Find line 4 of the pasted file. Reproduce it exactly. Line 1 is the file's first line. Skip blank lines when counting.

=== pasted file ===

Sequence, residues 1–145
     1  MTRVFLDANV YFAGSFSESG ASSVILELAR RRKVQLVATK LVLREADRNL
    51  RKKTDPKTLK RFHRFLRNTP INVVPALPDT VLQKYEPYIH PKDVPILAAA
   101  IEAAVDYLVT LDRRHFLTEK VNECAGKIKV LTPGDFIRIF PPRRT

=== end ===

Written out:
   101  IEAAVDYLVT LDRRHFLTEK VNECAGKIKV LTPGDFIRIF PPRRT